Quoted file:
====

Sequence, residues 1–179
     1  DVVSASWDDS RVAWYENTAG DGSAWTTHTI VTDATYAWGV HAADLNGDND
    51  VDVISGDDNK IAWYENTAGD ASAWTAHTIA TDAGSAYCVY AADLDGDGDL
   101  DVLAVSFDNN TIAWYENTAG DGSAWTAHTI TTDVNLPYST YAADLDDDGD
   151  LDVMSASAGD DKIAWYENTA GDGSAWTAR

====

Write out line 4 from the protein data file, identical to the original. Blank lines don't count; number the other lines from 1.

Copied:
   101  DVLAVSFDNN TIAWYENTAG DGSAWTAHTI TTDVNLPYST YAADLDDDGD